The politics of QE2

November 16, 2010
Allan Sloan has a good point today: by implementing QE2, Ben Bernanke has become a politician.

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Allan Sloan has a good point today: by implementing QE2, Ben Bernanke has become a politician. It’s an important development: for reasons I don’t fully understand, the debate over QE2 has divided along party-political lines, with the Republicans lining up against it and the Democrats attacking them. Globally, too, as we saw in Seoul, the QE2 debate is conducted at summit level, and this time the dividing lines are even starker: it’s essentially the U.S. vs the world.

Interestingly, this is one of those old-fashioned technocrat vs technocrat policy debates, in contrast to the technocrat vs populist debates which seem to have taken over far too much airtime of late. But it’s just as shrill. And as Sloan says, it does the venerable Fed no favors to find itself on one side of a debate generating so much heat and so little light: Bernanke “was already making a high-stakes economic bet with QE2,” he says, “and now it’s a political bet, as well”. If QE2 doesn’t work — Sloan raises the specter that it “could imperil the dollar and our financial system” — then it’s not just the economy which will be harmed, but also the Fed’s long-term credibility and pre-eminence. In fact, the politics of QE2 are already hobbling the Fed’s freedom of movement, as Neil Irwin explains:

The political maelstrom that erupted after the Federal Reserve’s decision two weeks ago to take expansive action to boost the economy has reduced the central bank’s maneuvering room as it considers how to get growth on track…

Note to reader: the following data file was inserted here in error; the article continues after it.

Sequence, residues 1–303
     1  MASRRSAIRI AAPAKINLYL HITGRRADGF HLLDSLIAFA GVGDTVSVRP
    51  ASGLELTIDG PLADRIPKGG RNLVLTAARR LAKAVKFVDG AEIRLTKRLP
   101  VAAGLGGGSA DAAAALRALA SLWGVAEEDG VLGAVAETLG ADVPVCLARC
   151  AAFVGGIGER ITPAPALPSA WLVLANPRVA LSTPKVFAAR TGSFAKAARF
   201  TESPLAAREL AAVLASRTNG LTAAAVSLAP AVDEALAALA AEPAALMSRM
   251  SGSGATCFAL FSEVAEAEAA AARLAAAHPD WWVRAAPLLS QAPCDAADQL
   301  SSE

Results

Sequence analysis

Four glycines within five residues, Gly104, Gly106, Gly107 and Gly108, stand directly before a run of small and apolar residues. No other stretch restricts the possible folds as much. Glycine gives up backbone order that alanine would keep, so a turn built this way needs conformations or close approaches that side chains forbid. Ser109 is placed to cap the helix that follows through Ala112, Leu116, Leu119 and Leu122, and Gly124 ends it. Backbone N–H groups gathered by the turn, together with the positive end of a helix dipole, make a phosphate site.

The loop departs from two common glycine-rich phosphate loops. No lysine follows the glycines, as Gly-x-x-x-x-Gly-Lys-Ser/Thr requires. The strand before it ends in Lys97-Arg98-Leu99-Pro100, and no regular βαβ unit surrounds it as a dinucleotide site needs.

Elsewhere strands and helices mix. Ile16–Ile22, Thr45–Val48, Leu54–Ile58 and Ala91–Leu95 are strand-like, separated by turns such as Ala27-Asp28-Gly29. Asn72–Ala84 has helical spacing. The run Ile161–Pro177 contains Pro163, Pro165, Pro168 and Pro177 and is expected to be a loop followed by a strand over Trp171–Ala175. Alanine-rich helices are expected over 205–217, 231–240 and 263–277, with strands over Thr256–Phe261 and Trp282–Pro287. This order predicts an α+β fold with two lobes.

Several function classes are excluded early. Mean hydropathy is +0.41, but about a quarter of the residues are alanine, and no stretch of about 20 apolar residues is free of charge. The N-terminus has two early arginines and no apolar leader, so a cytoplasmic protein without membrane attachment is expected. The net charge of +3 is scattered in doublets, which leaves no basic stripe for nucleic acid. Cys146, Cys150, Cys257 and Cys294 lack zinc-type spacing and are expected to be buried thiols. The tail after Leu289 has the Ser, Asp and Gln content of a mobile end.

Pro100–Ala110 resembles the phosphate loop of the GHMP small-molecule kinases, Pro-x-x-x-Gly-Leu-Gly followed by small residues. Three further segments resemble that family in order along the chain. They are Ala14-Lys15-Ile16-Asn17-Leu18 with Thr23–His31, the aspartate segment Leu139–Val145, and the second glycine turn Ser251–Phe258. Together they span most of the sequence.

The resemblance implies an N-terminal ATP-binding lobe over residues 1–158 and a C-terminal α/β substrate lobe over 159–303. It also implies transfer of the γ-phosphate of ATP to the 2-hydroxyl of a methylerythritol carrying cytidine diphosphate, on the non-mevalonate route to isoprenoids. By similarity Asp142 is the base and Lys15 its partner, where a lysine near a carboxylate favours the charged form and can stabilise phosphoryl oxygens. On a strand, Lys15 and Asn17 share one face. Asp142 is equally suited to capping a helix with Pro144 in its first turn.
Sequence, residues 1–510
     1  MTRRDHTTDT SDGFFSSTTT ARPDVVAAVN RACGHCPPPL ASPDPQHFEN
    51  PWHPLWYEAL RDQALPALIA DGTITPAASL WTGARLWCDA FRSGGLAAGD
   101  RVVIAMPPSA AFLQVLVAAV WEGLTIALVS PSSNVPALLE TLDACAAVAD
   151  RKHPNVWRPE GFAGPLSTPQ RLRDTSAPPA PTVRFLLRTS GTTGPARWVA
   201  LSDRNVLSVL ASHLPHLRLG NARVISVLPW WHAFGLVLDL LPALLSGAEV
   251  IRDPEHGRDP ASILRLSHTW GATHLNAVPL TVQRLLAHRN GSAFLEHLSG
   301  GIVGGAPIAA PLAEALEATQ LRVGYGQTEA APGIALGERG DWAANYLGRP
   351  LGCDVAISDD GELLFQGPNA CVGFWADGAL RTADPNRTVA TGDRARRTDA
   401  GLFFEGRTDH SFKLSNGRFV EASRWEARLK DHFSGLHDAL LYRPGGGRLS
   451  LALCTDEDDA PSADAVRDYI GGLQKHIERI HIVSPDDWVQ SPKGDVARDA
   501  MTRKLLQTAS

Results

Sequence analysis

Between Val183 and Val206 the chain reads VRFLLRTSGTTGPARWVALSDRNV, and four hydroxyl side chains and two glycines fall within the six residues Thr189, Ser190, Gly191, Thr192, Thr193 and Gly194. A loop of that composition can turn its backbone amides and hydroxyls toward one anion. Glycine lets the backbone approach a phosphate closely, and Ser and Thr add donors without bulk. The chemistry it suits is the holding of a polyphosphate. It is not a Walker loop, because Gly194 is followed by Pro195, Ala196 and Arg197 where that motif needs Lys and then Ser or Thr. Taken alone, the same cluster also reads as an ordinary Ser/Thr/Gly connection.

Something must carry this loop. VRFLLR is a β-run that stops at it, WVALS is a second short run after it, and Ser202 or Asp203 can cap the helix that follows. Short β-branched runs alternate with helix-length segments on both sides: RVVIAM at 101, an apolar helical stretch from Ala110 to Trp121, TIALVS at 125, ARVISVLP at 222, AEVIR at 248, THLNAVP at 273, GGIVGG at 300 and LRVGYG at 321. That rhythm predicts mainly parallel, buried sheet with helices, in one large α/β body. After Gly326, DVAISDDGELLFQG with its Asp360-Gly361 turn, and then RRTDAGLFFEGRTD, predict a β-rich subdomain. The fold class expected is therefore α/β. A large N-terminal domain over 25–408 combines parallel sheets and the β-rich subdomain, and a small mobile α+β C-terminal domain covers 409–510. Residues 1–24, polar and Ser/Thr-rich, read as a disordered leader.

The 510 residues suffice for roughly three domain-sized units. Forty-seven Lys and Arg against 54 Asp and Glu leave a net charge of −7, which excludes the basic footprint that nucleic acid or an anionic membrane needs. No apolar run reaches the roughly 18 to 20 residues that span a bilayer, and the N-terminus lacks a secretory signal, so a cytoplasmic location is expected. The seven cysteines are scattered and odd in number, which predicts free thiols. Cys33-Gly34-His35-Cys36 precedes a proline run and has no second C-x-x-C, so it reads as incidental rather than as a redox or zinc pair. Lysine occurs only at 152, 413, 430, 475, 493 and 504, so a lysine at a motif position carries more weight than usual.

“It now looks like it’s going to be hard for the Fed to do another round of aggressive policy because they know the criticism is going to undercut some of the confidence-building impacts,” said Ethan Harris, chief economist of Bank of America-Merrill Lynch.

Bernanke, then, has every reason to want to reduce the volume on this debate: the mere existence of the debate itself can easily counteract any good which comes from QE2.

One way of doing that would be to admit that QE2 is an untried experiment: while QE1 worked as a weapon in the crisis-fighting arsenal, QE2 is being asked to do something quite different. So the Fed should define much more clearly than it has done until now what exactly QE2 is designed to achieve, and what criteria might be used to determine whether it is succeeding or failing. And if it’s showing signs of failing, then the Fed should also be explicit about how and when it might be unwound.

War-gaming QE2 in this way would make the Fed seem less sure in its actions, but it might also help mute some of the harsher criticism coming its way—and thereby actually improve the chances that QE2 succeeds. Bernanke is no Maestro: no one trusts him implicitly in the way they trusted Greenspan, pre-crash. So maybe what the economy needs is for him to become a little less Olympian and a little more human.


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